Recruiters are eager to see more of him at state league level after proving his worth in the NAB League, with the Jets also having the bye this weekend.
The Tigers have managed to fill the gaping hole left by the retirement of Bachar Houli, swinging Dan Rioli into defence in an inspired move, along with securing dashing defender Jayden Short on a five-year-deal.
The club also picked up running playmakers Tom Brown and Sam Banks in last year’s draft.
WILL POTENTIAL NO.1 CHOOSE OPEN MARKET?
Brisbane has been given no indication on whether father-son prospect Will Ashcroft will nominate for Lions in this year’s draft as the potential No. 1 pick continues to weigh up his options.
Ashcroft said on Wednesday that he was still yet to make a decision on where his future would lie.
Brisbane remains hopeful but far from confident that the Sandringham Dragons midfielder will choose to nominate for the club where his father Marcus won three premierships.
The 18-year-old grew up in Queensland but moved to Melbourne with his family at the start of 2018 and has begun a business and sports management course at Deakin University this year.
Likened to Carlton’s Sam Walsh, Ashcroft has starred as a 23rd man for the Lions’ VFL team in recent weeks and will get another chance to test himself at a higher level when he lines up for the NAB AFL Academy squad in their exhibition match against Collingwood’s VFL team on Saturday.
Academy coach Tarkyn Lockyer labelled Ashcroft a “true professional” who had no shortage of talent.
“His preparation, his diligence and his want to be as good as he can be and get the most out of his God given talent if first-rate,” Lockyer said.
“He’s really driven so he’ll see this game as a real opportunity to benchmark himself against not just the opposition that we’re going to play, but also to see where he where he fits with his peers as well.”
Recruiters still view Ashcroft as a top-three pick in this year’s draft, alongside Oakleigh Chargers pair Elijah Tsatas and George Wardlaw who will also feature as part of the AFL Academy team in the clash at Frankston this weekend.
“Elijah is winning it in the midfield, he’s got great speed. So he’s got some really high end AFL attributes,” Lockyer said.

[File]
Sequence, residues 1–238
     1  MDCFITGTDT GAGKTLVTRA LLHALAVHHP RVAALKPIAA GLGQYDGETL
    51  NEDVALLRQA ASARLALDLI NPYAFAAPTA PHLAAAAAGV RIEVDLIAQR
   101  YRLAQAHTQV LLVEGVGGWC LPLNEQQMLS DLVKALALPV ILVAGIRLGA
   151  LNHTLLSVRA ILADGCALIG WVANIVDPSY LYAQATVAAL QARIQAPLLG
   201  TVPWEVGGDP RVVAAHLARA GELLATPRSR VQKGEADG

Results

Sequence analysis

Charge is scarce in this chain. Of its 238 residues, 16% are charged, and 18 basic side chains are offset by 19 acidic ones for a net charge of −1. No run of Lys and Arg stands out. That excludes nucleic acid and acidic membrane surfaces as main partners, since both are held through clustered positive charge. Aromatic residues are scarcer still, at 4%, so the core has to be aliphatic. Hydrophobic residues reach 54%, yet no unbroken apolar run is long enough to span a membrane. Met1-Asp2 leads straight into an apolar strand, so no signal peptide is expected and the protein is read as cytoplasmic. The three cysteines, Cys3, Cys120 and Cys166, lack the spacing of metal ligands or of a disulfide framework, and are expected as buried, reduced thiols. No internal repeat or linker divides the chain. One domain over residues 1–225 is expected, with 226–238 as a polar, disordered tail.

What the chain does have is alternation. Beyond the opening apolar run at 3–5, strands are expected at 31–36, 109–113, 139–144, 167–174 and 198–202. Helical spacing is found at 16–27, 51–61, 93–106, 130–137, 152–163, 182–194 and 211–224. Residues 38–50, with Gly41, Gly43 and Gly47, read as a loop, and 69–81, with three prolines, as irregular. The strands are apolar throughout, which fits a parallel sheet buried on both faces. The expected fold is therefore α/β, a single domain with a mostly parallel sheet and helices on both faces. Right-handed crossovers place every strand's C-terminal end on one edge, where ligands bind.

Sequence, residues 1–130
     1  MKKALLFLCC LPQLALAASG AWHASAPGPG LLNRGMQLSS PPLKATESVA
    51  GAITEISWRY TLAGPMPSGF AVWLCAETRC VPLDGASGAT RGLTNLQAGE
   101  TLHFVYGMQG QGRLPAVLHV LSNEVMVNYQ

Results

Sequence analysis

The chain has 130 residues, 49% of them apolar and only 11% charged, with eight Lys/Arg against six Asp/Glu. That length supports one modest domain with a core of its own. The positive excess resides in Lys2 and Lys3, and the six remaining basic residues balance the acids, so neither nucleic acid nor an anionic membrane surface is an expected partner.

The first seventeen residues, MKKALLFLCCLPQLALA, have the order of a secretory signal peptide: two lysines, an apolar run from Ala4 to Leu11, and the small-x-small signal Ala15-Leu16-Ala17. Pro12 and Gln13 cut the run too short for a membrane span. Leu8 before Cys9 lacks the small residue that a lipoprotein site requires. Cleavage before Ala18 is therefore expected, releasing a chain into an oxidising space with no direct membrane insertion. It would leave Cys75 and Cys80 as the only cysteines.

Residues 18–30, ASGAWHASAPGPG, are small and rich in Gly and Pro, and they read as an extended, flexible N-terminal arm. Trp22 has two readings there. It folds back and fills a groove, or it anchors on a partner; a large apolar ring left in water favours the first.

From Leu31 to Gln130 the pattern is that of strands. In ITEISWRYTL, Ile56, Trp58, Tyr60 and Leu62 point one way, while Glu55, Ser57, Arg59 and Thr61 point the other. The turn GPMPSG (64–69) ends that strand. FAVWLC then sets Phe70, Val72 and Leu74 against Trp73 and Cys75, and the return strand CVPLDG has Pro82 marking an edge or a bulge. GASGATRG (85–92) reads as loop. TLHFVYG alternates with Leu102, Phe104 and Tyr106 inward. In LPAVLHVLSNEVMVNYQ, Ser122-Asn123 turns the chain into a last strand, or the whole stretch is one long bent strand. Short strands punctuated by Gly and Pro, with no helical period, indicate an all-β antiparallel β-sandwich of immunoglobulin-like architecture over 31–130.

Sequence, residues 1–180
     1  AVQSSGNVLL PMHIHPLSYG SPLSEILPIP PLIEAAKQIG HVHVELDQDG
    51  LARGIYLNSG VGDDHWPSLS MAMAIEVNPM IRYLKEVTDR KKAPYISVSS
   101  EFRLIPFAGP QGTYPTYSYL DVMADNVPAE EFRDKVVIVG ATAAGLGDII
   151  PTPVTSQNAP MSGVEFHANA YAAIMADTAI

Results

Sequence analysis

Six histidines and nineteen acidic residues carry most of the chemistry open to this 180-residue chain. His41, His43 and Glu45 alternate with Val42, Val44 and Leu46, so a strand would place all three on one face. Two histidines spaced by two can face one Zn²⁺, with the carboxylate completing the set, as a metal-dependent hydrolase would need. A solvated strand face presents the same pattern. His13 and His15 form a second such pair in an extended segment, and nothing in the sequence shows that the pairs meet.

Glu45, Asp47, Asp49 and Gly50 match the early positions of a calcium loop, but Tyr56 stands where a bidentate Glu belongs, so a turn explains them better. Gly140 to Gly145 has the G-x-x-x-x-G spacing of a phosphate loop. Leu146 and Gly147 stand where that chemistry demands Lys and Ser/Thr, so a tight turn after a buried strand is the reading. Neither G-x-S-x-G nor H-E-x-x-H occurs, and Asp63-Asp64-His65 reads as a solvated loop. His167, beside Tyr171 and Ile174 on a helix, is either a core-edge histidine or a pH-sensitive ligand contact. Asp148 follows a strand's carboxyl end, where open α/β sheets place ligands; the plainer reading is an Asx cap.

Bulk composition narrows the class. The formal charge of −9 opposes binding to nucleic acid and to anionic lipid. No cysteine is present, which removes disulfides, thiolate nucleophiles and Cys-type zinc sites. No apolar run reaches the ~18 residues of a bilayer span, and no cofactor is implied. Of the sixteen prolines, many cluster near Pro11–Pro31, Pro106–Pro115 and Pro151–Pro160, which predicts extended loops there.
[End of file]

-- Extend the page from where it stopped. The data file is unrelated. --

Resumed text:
“George is a real contested beast, inside midfielder. He’s a really strong and powerful athlete.”
Another Brisbane father-son prospect, Jaspa Fletcher, will also feature for the AFL Academy, along with exciting Essendon father-son prospect Alwyn Davey Jnr.
Fletcher is the son of former Brisbane Bears and Brisbane Lions player Adrian Fletcher, with Davey being the son of former Bombers small forward Alwyn Davey.
IS CADMAN THE NEXT CAMERON?
A KEY forward who has been likened to Geelong star Jeremy Cameron has been making waves in recruiting circles and is shaping as a potential draft bolter later this year.
Aaron Cadman was added to the NAB AFL Academy squad earlier this month and is set to play in Saturday’s exhibition match against Collingwood’s VFL side.
A hardworking lead-up forward, Cadman measured 193.7cm in March but is still growing and developing his game.
The 18-year-old has averaged 14.5 disposals, 5.5 marks, 8.5 score involvements and 2 goals from four NAB League games for the Greater Western Victoria Rebels this season.
“He’s got great running capabilities, he’s got good speed, he marks the ball at its highest point and he’s a raking left-foot kick,” Rebels coach David Loader said.
“He has got some similarities to a young Jeremy Cameron, who we had the pleasure of working with.
“I think he’s going to keep climbing up through the charts as the year goes on. I’m sitting back waiting for the day that he grabs hold of a game and kicks half a dozen goals and people say, ‘Wow, we’ve got something special here’.”
AFL club recruiters said they could also see the Cameron comparisons and added that Cadman was a “good country kid” who “has the frame and the physique that you can see really filling out well”.
SCULLY FAST CLIMBING UP DRAFT BOARDS
In 2009, Tom Scully was the No. 1 draft pick to Melbourne.
In 2022, another Tom Scully is quickly rising up draft boards and shapes as a high selection.
This year’s Scully is a 204cm key forward or ruckman from West Adelaide who has made a flying start to the SANFL under-18s season, which saw him added to the AFL Academy squad earlier this month.
Scully had averaged 12.6 disposals, 7.1 marks, 9 score involvements and 5.3 goals across seven SANFL under-18 games.
“He’s been kicking multiple goals week in, week out,” AFL Academy coach Tarkyn Lockyer said.
“He’s a really good contested mark, hit up forward and he’s been hitting the scoreboard really hard.
“He is certainly someone who will relish the opportunity to test his game against a quality outfit in Collingwood VFL.”
As impressed as recruiters have been with Scully, they are also keen to see him test himself against bigger and better opponents, with the towering tall having often been manned by significantly undersized players so far this year.
DAVEY MORE THAN JUST A SMALL FORWARD
Exciting Essendon father-son prospect Alwyn Davey Jnr has shown his ability to play through the midfield this year and has been hailed for having great “balance” in his game.
The son of former Bombers small forward Alwyn Davey, the Oakleigh Chargers product has had a strong start to the season in the NAB League and in school football with Xavier College.
Davey is part of the AFL Academy and will take on Collingwood’s VFL side on Saturday.
“He’s a small forward who’s also played a bit of midfield through Oakleigh and Xavier,” AFL Academy coach Tarkyn Lockyer said.
“The thing that I love about Alwyn and the recognition that he gets is that the balance in his game is excellent. His inside and outside balance, his offensive and defence balance — he values both. So he really is a well-rounded player, he’s got great finishing skills and he’s a really good decision maker. He has put together some really good form through the start of the year.”